Monday, April 9, 2012
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Instagram - a free and popular online photo sharing application was bought by Facebook according to a message posted by facebook's CEO Mark Zuckerberg himself. The purchase price of $1 billion will be paid in cash and Facebook shares.
Here's what Mark Zuckerberg reveals in his blog:
Here's what Mark Zuckerberg said on his blog post:
"I'm excited to share the news that we've agreed to acquire Instagram and that their talented team will be joining Facebook.
For years, we've focused on building the best experience for sharing photos with your friends and family. Now, we'll be able to work even more closely with the Instagram team to also offer the best experiences for sharing beautiful mobile photos with people based on your interests.
We believe these are different experiences that complement each other. But in order to do this well, we need to be mindful about keeping and building on Instagram's strengths and features rather than just trying to integrate everything into Facebook.
That's why we're committed to building and growing Instagram independently. Millions of people around the world love the Instagram app and the brand associated with it, and our goal is to help spread this app and brand to even more people.
We think the fact that Instagram is connected to other services beyond Facebook is an important part of the experience. We plan on keeping features like the ability to post to other social networks, the ability to not share your Instagrams on Facebook if you want, and the ability to have followers and follow people separately from your friends on Facebook.
These and many other features are important parts of the Instagram experience and we understand that. We will try to learn from Instagram's experience to build similar features into our other products. At the same time, we will try to help Instagram continue to grow by using Facebook's strong engineering team and infrastructure.
This is an important milestone for Facebook because it's the first time we've ever acquired a product and company with so many users. We don't plan on doing many more of these, if any at all. But providing the best photo sharing experience is one reason why so many people love Facebook and we knew it would be worth bringing these two companies together.
We're looking forward to working with the Instagram team and to all of the great new experiences we're going to be able to build together."
Instagram rocketed to 30 million iOS users in 18 months and was named iPhone app of the year in 2011. It is one of the best apps for taking and sharing photos from the iPhone. Its square images and assorted image filters let anyone make retro, techno and pretty pictures out of mundane shots of their kids, pets, food. Instagram's Android version, released last week, got millions of downloads immediately. But $1 billion, if true, is still a crazy number. Instagram doesn't make any money. Nor did it say it was focusing on revenue. It is still chasing big users. Kevin Systrom, Instagram's CEO, wrote this to calm down his users in response to the deal. An excerpt:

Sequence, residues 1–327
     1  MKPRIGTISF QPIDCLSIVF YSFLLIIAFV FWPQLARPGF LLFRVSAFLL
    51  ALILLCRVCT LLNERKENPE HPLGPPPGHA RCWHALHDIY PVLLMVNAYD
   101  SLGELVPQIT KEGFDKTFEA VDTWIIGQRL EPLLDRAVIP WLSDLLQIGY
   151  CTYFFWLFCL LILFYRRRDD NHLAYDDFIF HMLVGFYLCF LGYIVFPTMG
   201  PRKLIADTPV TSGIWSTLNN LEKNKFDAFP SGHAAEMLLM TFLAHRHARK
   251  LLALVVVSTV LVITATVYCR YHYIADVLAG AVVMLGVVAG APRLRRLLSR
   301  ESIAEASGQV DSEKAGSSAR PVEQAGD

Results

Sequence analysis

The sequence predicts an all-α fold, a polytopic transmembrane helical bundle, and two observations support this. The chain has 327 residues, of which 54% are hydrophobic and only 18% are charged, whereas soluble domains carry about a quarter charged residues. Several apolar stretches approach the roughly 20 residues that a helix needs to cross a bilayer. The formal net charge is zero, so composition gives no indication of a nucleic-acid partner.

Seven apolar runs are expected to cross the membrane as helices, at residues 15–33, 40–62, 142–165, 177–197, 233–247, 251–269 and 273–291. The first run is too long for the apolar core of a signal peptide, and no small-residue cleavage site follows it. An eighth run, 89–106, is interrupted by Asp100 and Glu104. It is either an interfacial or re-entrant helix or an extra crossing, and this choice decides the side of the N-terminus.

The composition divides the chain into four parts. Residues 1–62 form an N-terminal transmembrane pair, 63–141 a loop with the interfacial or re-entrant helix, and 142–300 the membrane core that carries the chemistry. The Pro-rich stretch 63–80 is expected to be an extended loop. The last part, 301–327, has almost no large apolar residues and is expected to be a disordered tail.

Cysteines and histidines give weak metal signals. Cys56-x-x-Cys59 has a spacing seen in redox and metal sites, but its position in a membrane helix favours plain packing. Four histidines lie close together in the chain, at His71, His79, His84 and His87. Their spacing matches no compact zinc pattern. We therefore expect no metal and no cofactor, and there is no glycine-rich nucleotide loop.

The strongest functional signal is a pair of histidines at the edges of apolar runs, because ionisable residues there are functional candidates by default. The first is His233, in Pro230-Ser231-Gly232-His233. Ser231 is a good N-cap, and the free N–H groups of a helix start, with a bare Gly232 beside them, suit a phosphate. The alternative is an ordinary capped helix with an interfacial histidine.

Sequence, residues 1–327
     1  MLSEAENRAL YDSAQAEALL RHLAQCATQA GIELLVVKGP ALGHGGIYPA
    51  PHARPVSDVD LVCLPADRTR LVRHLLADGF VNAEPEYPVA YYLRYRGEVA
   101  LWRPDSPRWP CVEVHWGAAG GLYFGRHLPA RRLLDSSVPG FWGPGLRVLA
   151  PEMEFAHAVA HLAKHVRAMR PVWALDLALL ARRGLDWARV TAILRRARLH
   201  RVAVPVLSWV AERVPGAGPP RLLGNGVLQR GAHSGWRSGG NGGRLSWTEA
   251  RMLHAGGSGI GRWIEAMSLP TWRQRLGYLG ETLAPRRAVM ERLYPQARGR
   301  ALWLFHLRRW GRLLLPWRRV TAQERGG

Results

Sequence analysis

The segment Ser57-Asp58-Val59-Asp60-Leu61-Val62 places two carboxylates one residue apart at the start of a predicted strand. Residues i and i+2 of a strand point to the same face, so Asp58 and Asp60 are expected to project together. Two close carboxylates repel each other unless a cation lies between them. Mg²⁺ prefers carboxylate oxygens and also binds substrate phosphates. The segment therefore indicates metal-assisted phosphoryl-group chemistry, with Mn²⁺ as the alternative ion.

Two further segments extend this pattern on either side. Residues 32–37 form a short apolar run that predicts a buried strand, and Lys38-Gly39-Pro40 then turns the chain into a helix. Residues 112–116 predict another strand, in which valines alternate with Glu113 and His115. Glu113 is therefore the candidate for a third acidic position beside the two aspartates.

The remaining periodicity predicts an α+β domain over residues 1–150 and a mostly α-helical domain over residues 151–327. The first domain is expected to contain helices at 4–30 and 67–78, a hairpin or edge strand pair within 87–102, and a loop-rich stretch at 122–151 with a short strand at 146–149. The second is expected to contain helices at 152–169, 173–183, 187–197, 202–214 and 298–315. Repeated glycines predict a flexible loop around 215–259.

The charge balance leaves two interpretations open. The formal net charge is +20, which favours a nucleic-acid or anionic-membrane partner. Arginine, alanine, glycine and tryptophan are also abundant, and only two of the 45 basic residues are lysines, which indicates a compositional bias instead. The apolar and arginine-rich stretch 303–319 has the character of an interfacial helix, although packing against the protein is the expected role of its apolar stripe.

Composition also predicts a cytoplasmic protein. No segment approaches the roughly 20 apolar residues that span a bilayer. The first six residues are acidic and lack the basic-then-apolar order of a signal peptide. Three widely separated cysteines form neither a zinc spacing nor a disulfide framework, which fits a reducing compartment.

"It's important to be clear that Instagram is not going away. We'll be working with Facebook to evolve Instagram and build the network. We'll continue to add new features to the product and find new ways to create a better mobile photos experience."
It's not clear what the Facebook deal means for the Series B funding round that may have closed last week led by Sequoia Capital, Thrive, Benchmark and Greylock at a reported $500 million valuation. But the fact that Facebook would pay 2x what the company was supposedly worth within a week's time suggests this is a defensive move. It certainly isn't desperate for more users (most if not all of whom are already on Facebook.)
Fred Wilson has said that Facebook is really about photos and this only underscores that. The mobile-social photo sector is still amorphously led but if anyone is harmed by this deal it is Yahoo. Facebook is really going after its Flickr property here, to put the nail further in Yahoo's coffin. (To its discredit, Yahoo hasn't done anything with Flickr lately). Zuckerberg is playing chess, making a defining move in how it stands in the photo space. It's like what Google did with YouTube.
One problem this will solve for Instagram's 30-something million users is that sharing an Instagram photo on Facebook from your phone pretty much sucks right now. Here comes the much needed integration: bigger photos, more detailed info about the filters, etc. Right now all you get when you post an Instagram photo on Facebook from your phone is a small link and a thumbnail image. A better integration will stimulate more sharing through Instagram.
But a $1 billion for 30 million users that pay nothing for the service? Sounds crazy but consider this: Instagram is getting bought for $33 per user. Facebook is supposedly trading with a market cap of close to $100 billion and has 850 million users, giving it a value of $117 per user. So it looks like a decent bit of funny-money arbitrage, using well-endowed Facebook shares to acquire users and solidify hold of a strategic asset at a lower valuation. We don't yet know how much of the deal is in cash vs. stock, so this calculation could be less favorable sounding but it still makes sense with Facebook currency.
This post was written by: Cristine
Cristine aka Ampalaya Anonymous is an aspiring blogger, internet savvy and a BS Information Technology graduate. Follow her on Twitter